7. Authorize the Reestablishment of Ferry Services to Cuba: Current U.S. regulations allow both “aircraft and vessels” to serve Cuba as an exception to the U.S. embargo against the Island.xxii The use of chartered aircraft to transport Cuban-Americans and other licensed U.S. travelers to and from Cuba has long been authorized by the U.S. Department of Treasury. The next step should be to reestablish safe and secure chartered ferry services to transport the same categories of passengers to and from Cuba. Ferry service offers an affordable alternative to airline travel to Cuba and would allow an increase in the amount of goods that Cuban-Americans and other licensed travelers may legally take to Cuba to support their families and micro entrepreneurs.
8. Simplify the Provision of Controlled Commodities, such as Computers and Laptops: Direct the Department of Commerce to provide more detailed guidance for individuals to determine whether or not controlled commodities, such as laptops and printers, qualify under the general export waiver.
9. Allow Licensed U.S. Travelers Access to U.S. Issued Debit, Credit, and Pre-Paid Cards and Other Financial Services While on Authorized Travel in Cuba: Currently, U.S. travelers to Cuba have no access to U.S. bank accounts, credit cards, debit cards or other basic financial services. With few exceptions, U.S. travelers are forced to carry cash with them to Cuba. Allowing U.S. travelers access to electronic payment systems would help ensure their safety and security while being on the Island. Moreover, authorizing new electronic payment systems would facilitate the Administration’s goal of promoting people-to-people contacts and facilitating private economic activity by safeguarding the transfer of money from U.S. residents to relatives and independent entrepreneurs on the island.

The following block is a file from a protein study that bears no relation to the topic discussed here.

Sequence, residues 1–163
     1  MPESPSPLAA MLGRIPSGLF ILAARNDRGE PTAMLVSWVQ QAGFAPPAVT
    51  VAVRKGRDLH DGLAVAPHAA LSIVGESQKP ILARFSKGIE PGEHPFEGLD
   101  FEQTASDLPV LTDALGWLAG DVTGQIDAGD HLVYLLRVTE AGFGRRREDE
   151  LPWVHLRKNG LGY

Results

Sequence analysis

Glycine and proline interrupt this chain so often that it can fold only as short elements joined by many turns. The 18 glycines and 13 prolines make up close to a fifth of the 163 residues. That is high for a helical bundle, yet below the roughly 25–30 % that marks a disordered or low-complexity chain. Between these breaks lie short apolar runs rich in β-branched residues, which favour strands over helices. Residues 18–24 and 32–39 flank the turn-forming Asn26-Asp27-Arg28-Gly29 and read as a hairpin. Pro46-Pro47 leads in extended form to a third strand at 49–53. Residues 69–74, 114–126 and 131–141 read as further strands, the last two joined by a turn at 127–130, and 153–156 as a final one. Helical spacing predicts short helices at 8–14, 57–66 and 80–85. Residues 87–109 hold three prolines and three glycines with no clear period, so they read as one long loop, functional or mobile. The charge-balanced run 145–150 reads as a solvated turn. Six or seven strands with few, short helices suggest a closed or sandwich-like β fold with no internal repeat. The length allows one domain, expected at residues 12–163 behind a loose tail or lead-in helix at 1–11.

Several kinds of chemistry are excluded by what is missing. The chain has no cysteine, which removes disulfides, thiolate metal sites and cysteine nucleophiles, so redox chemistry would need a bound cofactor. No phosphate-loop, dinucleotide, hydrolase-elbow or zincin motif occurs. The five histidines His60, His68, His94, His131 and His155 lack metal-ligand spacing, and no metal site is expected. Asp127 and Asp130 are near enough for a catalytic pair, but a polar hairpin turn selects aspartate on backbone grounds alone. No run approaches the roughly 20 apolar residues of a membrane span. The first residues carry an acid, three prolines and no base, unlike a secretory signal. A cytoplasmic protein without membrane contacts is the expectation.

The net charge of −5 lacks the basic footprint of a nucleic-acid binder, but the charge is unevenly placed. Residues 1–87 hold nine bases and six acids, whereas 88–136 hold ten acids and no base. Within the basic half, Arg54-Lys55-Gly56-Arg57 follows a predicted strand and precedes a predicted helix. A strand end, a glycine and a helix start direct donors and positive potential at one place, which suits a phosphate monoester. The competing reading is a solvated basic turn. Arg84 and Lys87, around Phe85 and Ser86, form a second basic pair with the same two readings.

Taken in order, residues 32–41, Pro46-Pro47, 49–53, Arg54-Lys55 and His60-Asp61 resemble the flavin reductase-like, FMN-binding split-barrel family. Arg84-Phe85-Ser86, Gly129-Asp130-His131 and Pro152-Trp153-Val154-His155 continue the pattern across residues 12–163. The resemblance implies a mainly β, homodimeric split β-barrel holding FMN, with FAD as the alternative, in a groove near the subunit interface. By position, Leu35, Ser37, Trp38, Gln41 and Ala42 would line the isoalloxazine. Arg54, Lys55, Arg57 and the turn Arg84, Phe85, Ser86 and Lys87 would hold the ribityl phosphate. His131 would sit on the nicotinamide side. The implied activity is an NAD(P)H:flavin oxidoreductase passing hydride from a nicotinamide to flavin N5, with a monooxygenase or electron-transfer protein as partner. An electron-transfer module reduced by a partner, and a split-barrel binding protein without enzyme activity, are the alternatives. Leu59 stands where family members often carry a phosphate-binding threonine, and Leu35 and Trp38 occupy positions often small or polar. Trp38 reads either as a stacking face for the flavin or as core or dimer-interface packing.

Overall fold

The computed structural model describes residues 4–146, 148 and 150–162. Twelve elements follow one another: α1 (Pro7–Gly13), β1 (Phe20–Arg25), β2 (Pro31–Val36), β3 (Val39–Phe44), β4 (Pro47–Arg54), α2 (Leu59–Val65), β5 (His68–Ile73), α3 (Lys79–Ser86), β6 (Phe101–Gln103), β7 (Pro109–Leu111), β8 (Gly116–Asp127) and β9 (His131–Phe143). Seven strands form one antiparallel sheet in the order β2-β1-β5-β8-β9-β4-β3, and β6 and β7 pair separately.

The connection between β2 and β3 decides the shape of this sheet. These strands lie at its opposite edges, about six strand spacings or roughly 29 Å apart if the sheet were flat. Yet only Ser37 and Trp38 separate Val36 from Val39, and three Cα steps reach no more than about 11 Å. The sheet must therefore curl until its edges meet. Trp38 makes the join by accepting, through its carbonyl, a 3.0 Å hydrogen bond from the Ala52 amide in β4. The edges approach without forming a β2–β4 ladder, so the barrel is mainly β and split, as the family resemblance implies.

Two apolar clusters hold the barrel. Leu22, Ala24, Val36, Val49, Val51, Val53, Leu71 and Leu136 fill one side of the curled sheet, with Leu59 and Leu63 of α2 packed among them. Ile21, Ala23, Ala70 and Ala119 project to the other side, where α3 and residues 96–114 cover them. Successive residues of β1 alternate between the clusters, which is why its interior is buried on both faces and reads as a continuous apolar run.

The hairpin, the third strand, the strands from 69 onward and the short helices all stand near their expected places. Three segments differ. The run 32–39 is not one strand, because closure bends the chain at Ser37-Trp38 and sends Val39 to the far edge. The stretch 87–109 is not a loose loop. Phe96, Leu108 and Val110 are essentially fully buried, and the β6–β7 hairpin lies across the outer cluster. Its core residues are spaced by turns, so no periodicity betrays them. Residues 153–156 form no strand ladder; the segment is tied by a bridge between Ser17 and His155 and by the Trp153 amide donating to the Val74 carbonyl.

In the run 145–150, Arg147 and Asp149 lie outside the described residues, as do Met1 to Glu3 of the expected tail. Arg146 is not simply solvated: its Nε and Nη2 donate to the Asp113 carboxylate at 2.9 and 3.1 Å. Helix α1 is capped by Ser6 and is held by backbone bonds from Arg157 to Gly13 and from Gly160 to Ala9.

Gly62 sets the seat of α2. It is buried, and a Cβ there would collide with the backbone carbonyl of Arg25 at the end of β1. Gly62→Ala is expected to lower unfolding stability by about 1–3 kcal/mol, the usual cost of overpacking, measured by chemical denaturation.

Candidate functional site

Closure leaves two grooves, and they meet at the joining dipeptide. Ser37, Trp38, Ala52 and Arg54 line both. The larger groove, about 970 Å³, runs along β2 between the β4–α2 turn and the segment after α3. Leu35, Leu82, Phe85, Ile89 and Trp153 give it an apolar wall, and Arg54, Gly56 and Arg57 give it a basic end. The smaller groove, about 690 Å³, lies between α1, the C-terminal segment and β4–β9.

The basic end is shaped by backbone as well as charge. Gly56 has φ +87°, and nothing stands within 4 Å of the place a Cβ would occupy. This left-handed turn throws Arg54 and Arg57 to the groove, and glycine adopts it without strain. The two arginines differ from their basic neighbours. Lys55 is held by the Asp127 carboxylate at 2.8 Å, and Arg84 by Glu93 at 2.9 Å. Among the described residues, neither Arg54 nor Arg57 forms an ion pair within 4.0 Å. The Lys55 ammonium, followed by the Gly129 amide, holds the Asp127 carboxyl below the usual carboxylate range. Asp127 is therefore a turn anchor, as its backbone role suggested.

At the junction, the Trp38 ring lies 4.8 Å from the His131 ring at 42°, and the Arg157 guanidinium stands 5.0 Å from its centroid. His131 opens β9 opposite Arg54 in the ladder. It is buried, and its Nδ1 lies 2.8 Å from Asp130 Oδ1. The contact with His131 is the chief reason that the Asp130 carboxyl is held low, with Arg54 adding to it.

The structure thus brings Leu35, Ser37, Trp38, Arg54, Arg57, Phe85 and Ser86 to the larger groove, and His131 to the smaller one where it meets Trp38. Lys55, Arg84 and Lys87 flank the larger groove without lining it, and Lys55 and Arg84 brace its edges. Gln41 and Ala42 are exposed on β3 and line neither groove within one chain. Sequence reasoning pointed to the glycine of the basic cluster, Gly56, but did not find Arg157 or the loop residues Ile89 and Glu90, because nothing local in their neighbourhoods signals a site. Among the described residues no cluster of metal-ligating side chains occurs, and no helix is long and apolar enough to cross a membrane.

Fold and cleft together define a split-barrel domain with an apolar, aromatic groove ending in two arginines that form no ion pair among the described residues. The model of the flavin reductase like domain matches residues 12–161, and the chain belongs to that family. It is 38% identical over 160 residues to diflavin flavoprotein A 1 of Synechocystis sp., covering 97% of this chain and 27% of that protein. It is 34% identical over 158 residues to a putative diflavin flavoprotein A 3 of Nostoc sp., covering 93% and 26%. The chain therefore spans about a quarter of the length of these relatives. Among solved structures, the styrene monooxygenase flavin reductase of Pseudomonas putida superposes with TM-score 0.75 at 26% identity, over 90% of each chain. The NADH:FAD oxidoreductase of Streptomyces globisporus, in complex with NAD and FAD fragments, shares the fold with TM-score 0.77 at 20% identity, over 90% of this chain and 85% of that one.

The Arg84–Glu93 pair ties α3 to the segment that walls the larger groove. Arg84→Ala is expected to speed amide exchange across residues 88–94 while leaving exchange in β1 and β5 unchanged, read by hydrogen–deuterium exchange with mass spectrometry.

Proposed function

10. Review Cuba’s Designation as a State Sponsor of Terrorism: Cuba’s status on the State Department’s list of state sponsors of terrorism has been subject to debate for more than a decade. The President should order a comprehensive, apolitical review to determine whether this designation reflects the reality of Cuba today.
11. Develop an expanded bilateral agenda with a range of specific topics of mutual interest: Agenda should include topics such as the resolution of property claims to help foster an environment of dialogue, problem- solving and trust building— thereby helping to set the stage for an eventual normalization of relations.